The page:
The cost of the resource: The first cost is the price you pay for the actual resource. This can be a monthly fee, an hourly rate, or a project-based rate.

The cost of tools and infrastructure: The second cost is the price you pay for the tools and infrastructure needed to support the remote resource. This can include the cost of a VPN, video conferencing software, and other tools needed to communicate with the remote resource.

The cost of training and development: The third cost is the price you pay for training and development for the remote resource. This can include the cost of onboarding, ongoing education, and professional development.

In-House Vs. Remote Resource Costs:

It is important to clearly understand the costs associated with each type of team to decide which option is most appropriate. Here is a detailed cost analysis of in-house teams vs. remote resources.

In-house teams come with some fixed costs, such as salaries, benefits, office space, and equipment. These costs are relatively easy to calculate and predict. In addition, there are also several variable costs associated with in-house teams, such as training and development expenses, recruiting fees, and turnover costs.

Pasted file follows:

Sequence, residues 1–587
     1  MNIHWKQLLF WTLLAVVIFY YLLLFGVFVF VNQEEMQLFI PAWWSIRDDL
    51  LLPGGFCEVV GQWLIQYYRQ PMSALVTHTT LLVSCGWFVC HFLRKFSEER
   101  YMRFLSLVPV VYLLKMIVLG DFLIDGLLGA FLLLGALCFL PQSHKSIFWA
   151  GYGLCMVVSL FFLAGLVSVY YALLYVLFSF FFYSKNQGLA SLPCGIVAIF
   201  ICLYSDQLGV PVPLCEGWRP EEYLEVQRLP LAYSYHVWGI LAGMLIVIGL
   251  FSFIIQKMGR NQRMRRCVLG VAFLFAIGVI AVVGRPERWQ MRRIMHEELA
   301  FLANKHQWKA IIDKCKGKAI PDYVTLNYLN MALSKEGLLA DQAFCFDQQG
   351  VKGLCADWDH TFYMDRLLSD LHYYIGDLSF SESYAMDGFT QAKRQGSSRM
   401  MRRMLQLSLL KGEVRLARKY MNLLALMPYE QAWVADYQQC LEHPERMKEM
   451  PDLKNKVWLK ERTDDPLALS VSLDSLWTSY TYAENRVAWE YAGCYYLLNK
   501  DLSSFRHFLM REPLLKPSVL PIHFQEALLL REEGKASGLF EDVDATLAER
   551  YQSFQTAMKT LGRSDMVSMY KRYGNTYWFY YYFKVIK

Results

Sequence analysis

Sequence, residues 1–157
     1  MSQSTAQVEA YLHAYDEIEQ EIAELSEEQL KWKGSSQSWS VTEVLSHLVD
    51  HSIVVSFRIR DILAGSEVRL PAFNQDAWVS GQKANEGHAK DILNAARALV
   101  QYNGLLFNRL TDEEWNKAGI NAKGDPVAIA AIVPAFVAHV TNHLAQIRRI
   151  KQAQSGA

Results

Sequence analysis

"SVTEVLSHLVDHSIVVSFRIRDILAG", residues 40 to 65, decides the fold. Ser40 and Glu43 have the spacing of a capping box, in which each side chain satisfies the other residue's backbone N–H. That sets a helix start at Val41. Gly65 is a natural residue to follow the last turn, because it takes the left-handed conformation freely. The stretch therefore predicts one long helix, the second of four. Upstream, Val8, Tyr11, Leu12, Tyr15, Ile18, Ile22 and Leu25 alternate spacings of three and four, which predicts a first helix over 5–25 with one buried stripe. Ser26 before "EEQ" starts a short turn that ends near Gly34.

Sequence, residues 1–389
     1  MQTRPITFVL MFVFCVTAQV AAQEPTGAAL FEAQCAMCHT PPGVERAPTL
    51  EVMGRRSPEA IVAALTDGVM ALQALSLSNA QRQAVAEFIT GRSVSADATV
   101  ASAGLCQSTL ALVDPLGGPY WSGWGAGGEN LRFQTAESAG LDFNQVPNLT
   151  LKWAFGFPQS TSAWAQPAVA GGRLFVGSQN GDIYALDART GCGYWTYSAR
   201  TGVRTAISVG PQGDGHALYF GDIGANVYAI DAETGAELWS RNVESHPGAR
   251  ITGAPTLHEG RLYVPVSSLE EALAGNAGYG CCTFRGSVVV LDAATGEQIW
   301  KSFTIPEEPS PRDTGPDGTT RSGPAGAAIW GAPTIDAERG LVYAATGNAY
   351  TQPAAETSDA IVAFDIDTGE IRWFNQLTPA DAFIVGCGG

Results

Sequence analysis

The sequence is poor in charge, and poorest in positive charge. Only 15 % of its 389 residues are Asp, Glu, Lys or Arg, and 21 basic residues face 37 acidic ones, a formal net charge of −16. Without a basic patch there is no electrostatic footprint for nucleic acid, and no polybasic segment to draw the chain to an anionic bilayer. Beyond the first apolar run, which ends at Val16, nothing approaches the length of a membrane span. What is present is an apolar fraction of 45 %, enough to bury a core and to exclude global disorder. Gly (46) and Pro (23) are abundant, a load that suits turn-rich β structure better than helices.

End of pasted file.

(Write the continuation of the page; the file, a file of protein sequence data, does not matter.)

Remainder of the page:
On the other hand, when you hire remote resources from LevelUP, they typically have only two types of costs: hourly rates and project-based fees. There are no fixed costs associated with remote resources, which makes them a more flexible and cost-effective option for businesses. 

Businesses can benefit more from using remote resources when comparing them side-by-side. With no fixed costs and discounts available for bulk hours, you can save significant money by working with remote resources.

There are also a variety of other costs associated with an in-house team, such as overhead costs, increased salaries, benefits, and even the expense of hardware and software that needs to be purchased. Outsourcing your work to a remote developer means that you do not have to pay anything more than the remote developer’s salary or offer when you outsource your work.

When you outsource your work to a LevelUP, you are only required to pay the remote developer’s salary or offer. If they use specific software, there might be some additional fees; however, these are usually optional.

Clearly, outsourcing outsourcing to LevelUP can certainly help you reduce the costs of your software development in a number of ways. Usually, entrepreneurs and startups choose LevelUP to outsource not just because of the costs involved, but because of the benefits it comes with: